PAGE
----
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(IANS) A COVID-19 outbreak in a restaurant in the German town of Leer has cast doubt on the effectiveness of the strategy to reopen gastronomy venues in the country.

The federal state of Lower Saxony, where Leer is located, was the first to allow the reopening of restaurants with restrictions on the number of customers per table and with distancing rules between customers in the premises, Efe news reported.

There had been no new cases in the town for a week.

Seven new infections were detected this week, all of them believed to be linked to the same restaurant and another 50 people have gone into preventive quarantine.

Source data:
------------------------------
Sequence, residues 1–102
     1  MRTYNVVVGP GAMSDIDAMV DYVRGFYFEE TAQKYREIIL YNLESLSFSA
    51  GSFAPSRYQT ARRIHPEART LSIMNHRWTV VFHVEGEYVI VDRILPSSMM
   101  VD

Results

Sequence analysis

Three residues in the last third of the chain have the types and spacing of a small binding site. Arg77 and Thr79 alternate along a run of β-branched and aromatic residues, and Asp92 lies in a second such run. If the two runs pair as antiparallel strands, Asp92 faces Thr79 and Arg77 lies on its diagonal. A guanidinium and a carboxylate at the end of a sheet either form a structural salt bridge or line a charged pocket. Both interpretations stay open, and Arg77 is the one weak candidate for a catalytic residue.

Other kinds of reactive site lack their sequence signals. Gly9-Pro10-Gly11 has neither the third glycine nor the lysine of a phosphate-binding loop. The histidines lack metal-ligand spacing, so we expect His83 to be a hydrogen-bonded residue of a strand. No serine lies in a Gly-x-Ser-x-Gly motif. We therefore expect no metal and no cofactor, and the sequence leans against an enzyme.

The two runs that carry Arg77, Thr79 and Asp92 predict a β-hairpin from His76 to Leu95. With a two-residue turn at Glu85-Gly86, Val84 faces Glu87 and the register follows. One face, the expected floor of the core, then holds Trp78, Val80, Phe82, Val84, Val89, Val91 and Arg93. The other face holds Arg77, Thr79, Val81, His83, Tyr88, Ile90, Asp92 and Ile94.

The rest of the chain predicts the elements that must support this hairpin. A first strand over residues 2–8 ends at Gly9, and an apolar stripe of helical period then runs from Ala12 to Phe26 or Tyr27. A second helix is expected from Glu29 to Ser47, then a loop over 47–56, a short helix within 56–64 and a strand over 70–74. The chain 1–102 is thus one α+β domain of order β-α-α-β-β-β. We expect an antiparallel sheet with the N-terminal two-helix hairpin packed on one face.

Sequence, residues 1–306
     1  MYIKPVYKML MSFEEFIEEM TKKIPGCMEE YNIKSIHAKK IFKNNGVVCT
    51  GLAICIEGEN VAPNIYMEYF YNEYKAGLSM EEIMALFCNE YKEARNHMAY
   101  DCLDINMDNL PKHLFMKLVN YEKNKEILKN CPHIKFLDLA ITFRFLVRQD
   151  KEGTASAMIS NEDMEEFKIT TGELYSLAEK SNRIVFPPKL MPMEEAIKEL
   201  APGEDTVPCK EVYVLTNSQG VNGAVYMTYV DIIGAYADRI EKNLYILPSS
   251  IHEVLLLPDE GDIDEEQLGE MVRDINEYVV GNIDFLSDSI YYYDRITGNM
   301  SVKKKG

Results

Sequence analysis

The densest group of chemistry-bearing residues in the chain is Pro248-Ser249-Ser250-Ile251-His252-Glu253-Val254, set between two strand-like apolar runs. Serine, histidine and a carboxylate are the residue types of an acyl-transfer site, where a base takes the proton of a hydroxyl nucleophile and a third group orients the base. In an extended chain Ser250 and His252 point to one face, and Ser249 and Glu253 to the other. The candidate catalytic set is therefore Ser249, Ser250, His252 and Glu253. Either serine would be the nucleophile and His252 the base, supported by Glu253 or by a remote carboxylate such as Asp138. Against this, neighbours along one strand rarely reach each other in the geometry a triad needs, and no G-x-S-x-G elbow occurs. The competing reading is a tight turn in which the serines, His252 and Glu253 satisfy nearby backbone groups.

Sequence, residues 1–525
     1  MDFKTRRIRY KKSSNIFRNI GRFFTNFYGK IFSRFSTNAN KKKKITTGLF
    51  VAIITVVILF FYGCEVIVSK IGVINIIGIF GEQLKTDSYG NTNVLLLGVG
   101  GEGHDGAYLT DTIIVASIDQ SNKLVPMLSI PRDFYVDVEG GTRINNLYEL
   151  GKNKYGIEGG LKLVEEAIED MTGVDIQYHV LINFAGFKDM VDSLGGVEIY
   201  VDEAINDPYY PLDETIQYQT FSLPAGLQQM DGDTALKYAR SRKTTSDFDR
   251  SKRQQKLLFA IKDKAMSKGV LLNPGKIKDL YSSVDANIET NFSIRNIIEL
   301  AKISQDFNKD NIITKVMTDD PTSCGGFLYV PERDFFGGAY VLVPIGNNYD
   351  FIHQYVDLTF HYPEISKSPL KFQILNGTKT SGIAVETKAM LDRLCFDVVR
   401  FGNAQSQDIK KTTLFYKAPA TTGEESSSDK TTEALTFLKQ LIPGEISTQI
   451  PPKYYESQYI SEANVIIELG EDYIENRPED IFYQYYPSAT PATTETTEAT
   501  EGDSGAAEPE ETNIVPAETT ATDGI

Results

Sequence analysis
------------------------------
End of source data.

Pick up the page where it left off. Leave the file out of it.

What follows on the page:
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A spokeswoman for the Federation of German Hotels and Restaurants (Dehoga) said in statements on Saturday to public radio station NDR1 that infection should not be possible with the hygiene plan in place.

Restaurants and bars were closed in Germany in mid-March and Lower Saxony was one of the first federal states to allow these premises to reopen on May 11.

There have been more than 179,700 confirmed cases and 8,200 deaths in Germany.